# Converting aggregate operators from SQL to relational algebra

I have several SQL queries written that I want to convert to relational algebra. However, some of the queries use aggregate operators and I don't know how to convert them. Notably they use COUNT and GROUP BY.. HAVING operators.

Here is the schema:

Sailors(sid, sname, rating) Reserves(sid, bid, price) Boats(bid, bname)

Here is an example of what I'm doing: find the bids and bnames of all boats reserved by exactly 2 sailors.

``````SELECT B.bid, B.bname
FROM Boats B, Reserves R
WHERE B.bid = R.bid
GROUP BY R.bid
HAVING 2 = (SELECT COUNT(*)
FROM Reserves R2
WHERE R2.bid = B.bid);
``````

Allowable relational algebra operations: selection, projection, join, conditional join, rename, union, intersection, cross-product, division

-
Codd's primitive relational operators include set difference, Darwen's includes semi difference (I'm not familiar with any other relational algebra). I'm wondering if your set of allowable operations is lacking an equivalent. –  onedaywhen Sep 30 '11 at 12:58

This is only half an answer...

The relation "boats reserved by two or more sailors" can be found using conditional join and projection, which are both in your set of allowed operations:

``````SELECT DISTINCT R1.bid
FROM Reserves AS R1
JOIN Reserves AS R2
ON R1.bid = R2.bid
AND R1.sid < R2.sid;
``````

The relation "boats reserved by three or more sailors" can be found using conditional join (twice) and projection, which are both in your set of allowed operations:

``````SELECT DISTINCT R1.bid
FROM Reserves AS R1
JOIN Reserves AS R2
ON R1.bid = R2.bid
AND R1.sid < R2.sid
JOIN Reserves AS R3
ON R1.bid = R3.bid
AND R2.sid < R3.sid;
``````

If we had a minus operator e.g. `EXCEPT` in Standard SQL:

``````SELECT DISTINCT R1.bid
FROM Reserves AS R1
JOIN Reserves AS R2
ON R1.bid = R2.bid
AND R1.sid < R2.sid
EXCEPT
SELECT DISTINCT R1.bid
FROM Reserves AS R1
JOIN Reserves AS R2
ON R1.bid = R2.bid
AND R1.sid < R2.sid
JOIN Reserves AS R3
ON R1.bid = R3.bid
AND R2.sid < R3.sid;
``````

If we had restriction (`WHERE` in SQL) and a semi difference (a.k.a. antijoin) operator (e.g. `NOT IN` in SQL):

``````SELECT DISTINCT R1.bid
FROM Reserves AS R1
JOIN Reserves AS R2
ON R1.bid = R2.bid
AND R1.sid < R2.sid
WHERE R1.bid NOT IN (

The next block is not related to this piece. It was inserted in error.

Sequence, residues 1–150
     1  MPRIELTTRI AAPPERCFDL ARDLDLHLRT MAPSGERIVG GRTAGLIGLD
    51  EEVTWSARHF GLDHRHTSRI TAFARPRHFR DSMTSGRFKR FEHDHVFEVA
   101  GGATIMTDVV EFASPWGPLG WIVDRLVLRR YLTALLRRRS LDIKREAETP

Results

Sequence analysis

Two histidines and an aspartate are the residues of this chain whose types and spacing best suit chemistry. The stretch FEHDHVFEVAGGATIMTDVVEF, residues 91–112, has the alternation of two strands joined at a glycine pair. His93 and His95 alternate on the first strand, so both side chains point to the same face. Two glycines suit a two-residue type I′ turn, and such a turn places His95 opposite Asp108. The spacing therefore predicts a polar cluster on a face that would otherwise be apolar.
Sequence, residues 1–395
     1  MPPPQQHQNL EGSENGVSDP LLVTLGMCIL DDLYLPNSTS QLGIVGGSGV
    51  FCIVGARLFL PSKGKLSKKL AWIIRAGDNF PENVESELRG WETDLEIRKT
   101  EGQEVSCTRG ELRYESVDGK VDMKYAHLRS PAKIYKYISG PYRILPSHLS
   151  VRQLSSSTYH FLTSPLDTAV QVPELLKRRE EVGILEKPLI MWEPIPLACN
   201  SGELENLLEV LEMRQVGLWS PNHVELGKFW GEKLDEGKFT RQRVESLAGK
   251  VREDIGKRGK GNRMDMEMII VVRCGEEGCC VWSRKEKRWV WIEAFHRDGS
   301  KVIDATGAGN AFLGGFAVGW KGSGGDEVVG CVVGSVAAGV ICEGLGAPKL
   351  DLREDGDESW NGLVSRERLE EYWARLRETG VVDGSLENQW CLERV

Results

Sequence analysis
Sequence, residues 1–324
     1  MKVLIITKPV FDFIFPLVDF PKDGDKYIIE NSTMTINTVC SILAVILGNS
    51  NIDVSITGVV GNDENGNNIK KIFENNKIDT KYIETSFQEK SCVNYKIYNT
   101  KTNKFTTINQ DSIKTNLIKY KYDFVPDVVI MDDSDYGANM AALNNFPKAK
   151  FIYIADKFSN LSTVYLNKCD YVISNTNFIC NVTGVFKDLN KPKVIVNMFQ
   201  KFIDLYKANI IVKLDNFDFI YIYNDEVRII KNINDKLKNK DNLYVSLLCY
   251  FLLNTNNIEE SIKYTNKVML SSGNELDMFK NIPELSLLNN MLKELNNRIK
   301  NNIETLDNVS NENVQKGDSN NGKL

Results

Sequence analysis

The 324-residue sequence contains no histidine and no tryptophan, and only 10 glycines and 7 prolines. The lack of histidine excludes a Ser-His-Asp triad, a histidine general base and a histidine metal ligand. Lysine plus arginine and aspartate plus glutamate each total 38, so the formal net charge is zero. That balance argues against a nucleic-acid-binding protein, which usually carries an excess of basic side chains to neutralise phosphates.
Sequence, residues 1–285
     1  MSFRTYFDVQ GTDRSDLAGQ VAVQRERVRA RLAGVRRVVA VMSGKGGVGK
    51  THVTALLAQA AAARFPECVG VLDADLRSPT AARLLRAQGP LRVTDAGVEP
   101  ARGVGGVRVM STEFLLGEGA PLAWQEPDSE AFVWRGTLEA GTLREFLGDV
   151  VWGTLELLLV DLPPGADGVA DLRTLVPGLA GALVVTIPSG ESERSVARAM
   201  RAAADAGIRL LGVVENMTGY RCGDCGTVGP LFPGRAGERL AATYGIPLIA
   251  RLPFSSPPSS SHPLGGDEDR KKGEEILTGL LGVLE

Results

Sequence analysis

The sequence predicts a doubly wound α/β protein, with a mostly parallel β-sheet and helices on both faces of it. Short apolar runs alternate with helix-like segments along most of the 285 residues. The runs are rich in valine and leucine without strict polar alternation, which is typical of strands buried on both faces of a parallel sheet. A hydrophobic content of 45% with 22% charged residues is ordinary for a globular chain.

SELECT DISTINCT R1.bid
FROM Reserves AS R1
JOIN Reserves AS R2
ON R1.bid = R2.bid
AND R1.sid < R2.sid
JOIN Reserves AS R3
ON R1.bid = R3.bid
AND R2.sid < R3.sid
);
``````

...but your set of allowed operations does not include restriction, semi difference or minus :(

-
Nice. I'm curious, could we write `SELECT sid, COUNT(*) FROM r GROUP BY sid` in relational albebra? –  ypercube Oct 1 '11 at 20:04
@ypercube: A relational algebra is a set of relational operators. A relational operator takes two or more relations as arguments and returns a relation. An aggregate operator would also take relations as arguments but would instead return a value. Therefore, an aggregate operator could no be a member of a relational algebra. However, a relational language could (and probably would) include aggregate operators because they are extremely useful e.g. all database constraints can be expressed using `COUNT`. –  onedaywhen Oct 3 '11 at 8:03
I was going back over my previous questions and realized that I forgot to accept your answer. Sorry about that. –  smcg Feb 23 '12 at 14:49
@onedaywhen is it possible to write a query that finds boats reserved by 2, and only 2, sailors? –  Imray Dec 29 '13 at 23:00
@Imray: consider "boats reserved by two or more sailors" MINUS "boats reserved by three or more sailors" EQUALS "boats reserved by exactly two sailors". –  onedaywhen Jan 6 '14 at 10:25

"I was reading a book with a chapter on relational algebra and it didn't mention aggregate functions for them at all".

Literature on the relational algebra typically limits itself to the portion of the algebra that makes it closed over relations. An algebra is closed over a set of types (I'm probably expressing myself a bit sloppily, but the main idea is right) if none of the operators of the algebra returns a value of a type that isn't a member of that set of types the algebra is closed over.

If all you have (or want to consider in a book) is the set of all relation types, and you want to write a treatment of the algebra, then you cannot define an operator that returns an integer (COUNT), or a float (HARMONICMEAN), or a date (MIN(<date column>)), or whatever similar kind of thing, without breaking the 'closed' property of the algebra.

That is not to say that such aggregation operations are useless (of course not). They're typically just not exactly relevant in a context where the primary purpose is to explain JOIN, PROJECT, RESTRICT, etc.